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From: Harald Welte <>
To: Johannes Berg <>
Cc: "Vadim Yanitskiy"
	"OpenBSC Mailing List"
	"Sean Tranchetti"
	"Dan Williams" <>,,,
	"Aleksander Morgado"
	"Subash Abhinov Kasiviswanathan"
	"Bjørn Mork" <>
Subject: Re: gsmtap design/extensions?
Date: Sat, 13 Apr 2019 09:12:27 +0200
Message-ID: <20190413071227.GC24451@nataraja> (raw)
In-Reply-To: <>

Hi Johannes,

On Fri, Apr 12, 2019 at 07:15:56PM +0200, Johannes Berg wrote:

> Agree. Sorry about that. No disrespect was intended, but I'm still not
> sure I understand the need for UDP encapsulation *as part of the
> protocol*. I guess saying "GSMTAP can optionally be encapsulated in UDP
> with the well-known port xyz" would be something else, and it'd make
> more sense to me than saying it has to be.

Sure, like with most protocols you can wrap them in anything you want.

Let me put it like this:
You don't have to run RTP inside UDP, you could equally put the RTP
frames in to SCTP or DCTP.   It's just not what the original users of
the protocol/spec had envisioned, but it can for sure be done, and has
no side-effect other than not being interoperable with existing

> Right, see my other mail(s) from today as well. Basically the IP frame
> that we're actually sending, and then attaching to that the "session" or
> "mux id" that it's being sent on. Sorry, I probably also don't know the
> right term - those show up in the drivers now.

So it's basically the information whch PDP/PDN context your user IP packet
belongs to.  A single integer "tag". that resembles the identifier that
was used by the control plane when activating that context (which is
basically a tunnel).

> > Sure, that works.  But the real question is, to me:  Are there common
> > GSMTAP payload types that both the existing GSMTAP users carry, as well
> > as what you would want to carry?  If yes, then it makes sense to think
> > about a common encapsulation like GSMTAP.  If the payload types differ,
> > then it seems rather like there are two distinct use cases that
> > wouldn't benefit from standardizing on one format.
> Agree, and I don't really know.

>From what I can tell after the burst of e-mails in this thread so far,
I don't think there's much commonality here.  A modem will "never" give
you access to the actual cellular protocol layers that we care about
in the Osmocom/srsLTE/YateBTS/OpenBTS/airprobe/gr-gsm/... world, for
which GSMTAP was designed (see more below).

I'm not saying it cannot be done. If you want to use GSMTAP, I'm happy
to help.  But at least so far, I don't see why it would make any sense.

> Maybe I should start differently. Do you have an example GSMTAP capture
> file that I could look at in wireshark? Yes, I see you've pointed out
> how I can get all the software running, but if you have a file already
> that's almost certainly faster :-)

There are a couple of files attached at

> And then the question I'd want answer is this: If there's an IP frame
> that I send to the modem from the application using a regular UDP or TCP
> socket, what would the corresponding GSMTAP capture look like? Surely it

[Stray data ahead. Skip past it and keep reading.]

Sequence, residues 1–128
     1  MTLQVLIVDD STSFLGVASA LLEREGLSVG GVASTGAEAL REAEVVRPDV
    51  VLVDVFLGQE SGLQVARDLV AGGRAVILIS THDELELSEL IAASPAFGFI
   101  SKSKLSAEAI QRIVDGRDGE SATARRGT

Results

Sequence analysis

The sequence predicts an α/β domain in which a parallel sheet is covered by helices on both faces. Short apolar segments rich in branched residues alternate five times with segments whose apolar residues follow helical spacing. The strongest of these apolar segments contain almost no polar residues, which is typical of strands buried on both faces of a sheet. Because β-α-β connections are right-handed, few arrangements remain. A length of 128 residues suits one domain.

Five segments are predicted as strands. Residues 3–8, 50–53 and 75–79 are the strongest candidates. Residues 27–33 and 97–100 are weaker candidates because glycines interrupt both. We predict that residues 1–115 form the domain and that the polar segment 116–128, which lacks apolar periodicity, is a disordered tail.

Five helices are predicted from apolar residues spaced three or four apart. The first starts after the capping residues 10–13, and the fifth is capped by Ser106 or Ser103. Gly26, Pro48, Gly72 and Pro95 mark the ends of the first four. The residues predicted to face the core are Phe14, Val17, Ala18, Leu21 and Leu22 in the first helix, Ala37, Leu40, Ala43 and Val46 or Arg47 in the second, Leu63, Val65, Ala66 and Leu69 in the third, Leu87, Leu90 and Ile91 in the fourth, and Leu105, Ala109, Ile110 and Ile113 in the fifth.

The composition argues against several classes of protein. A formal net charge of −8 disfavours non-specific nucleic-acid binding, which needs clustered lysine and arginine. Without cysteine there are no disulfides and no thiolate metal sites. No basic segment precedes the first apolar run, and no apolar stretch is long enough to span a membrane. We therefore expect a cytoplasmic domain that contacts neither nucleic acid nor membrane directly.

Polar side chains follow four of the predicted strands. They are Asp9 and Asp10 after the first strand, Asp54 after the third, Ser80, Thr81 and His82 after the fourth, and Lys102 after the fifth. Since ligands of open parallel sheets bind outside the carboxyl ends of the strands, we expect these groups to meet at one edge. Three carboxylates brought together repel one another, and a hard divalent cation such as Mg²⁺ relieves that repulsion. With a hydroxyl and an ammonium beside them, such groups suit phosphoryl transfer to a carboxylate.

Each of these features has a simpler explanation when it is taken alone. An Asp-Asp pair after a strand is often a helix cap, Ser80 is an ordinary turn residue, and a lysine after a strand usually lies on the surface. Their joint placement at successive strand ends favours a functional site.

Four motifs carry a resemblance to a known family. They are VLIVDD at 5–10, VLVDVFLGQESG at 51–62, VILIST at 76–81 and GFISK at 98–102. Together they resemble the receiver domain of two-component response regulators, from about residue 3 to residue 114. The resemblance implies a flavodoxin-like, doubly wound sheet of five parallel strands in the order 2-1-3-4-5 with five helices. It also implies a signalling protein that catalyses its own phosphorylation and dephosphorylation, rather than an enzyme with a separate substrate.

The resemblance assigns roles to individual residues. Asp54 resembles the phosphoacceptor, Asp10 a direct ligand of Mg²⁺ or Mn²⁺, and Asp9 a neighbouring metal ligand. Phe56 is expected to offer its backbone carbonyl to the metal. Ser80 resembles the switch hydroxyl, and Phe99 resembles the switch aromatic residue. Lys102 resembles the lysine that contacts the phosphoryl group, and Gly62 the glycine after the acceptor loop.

> includes the IP frame in some way?!

GSMTAP was generated initially for GSM. GSM is a circuit-switched digital
wireless telephony system that has no inherent/native way of transporting
IP payload.  As such, the GSMTAP Um captures linked above will not contain
IP user data but will contain the signaling plane data of the Um air interface
protocol stack, consisting of the LAPDm potocol on Layer2 and the TS 04.08
RR (Radio Resource), MM (Mobility Management) and CC (Call Control) data.

Of course one can also use GSMTAP for GPRS, which is packet oriented.  In
this case, you have the following layering stack inside a GSMTAP Um frame:

SNDCP (TS 04.65)
LLC (TS 04.64)

There is segmentation/reassembly potentially at least at the LLC and at
the RLC/MAC layer.  There can be encryption at the LLC layer so the IP
payload is already invisible at that point.  You cab also have both
header and payload compression at the SNDCP layer.

In the end, you can have start/middle/end segments of LLC frames inside
a single RLC/MAC block, belonging to either one or multiple LLC frames,
and then the LLC frames contain [segments of] IP packets.

GSMTAP can be used on various other interfaces of the cellular network,
which are *not* the radio interface between modem/phone and base
station (such as e.g. between the Phone and the SIM card), so they're not
of interest to your use case and I'll not cover them here.

GSMTAP can also be used to encapsulate later cellular technologies such
as UMTS aka WCDMA aka 3G, or LTE aka 4G.  In all those cases you always
have a different (sometimes deeper and sometimes not so deep) protocol
stack between the user IP payload and the actual radio interface (PHY).

You can think of it a bit if you are not thinking about a User IP packet
but you assume for the sake of an argument that you want to see "HTML".

Then underneath HTML you either have, depending on the technoolgy, HTTP
1.0, 1.1 or 2.0.  And under that you can have any number of additional
protocol stacking whether it's TCP based, with or without SSL or TLS,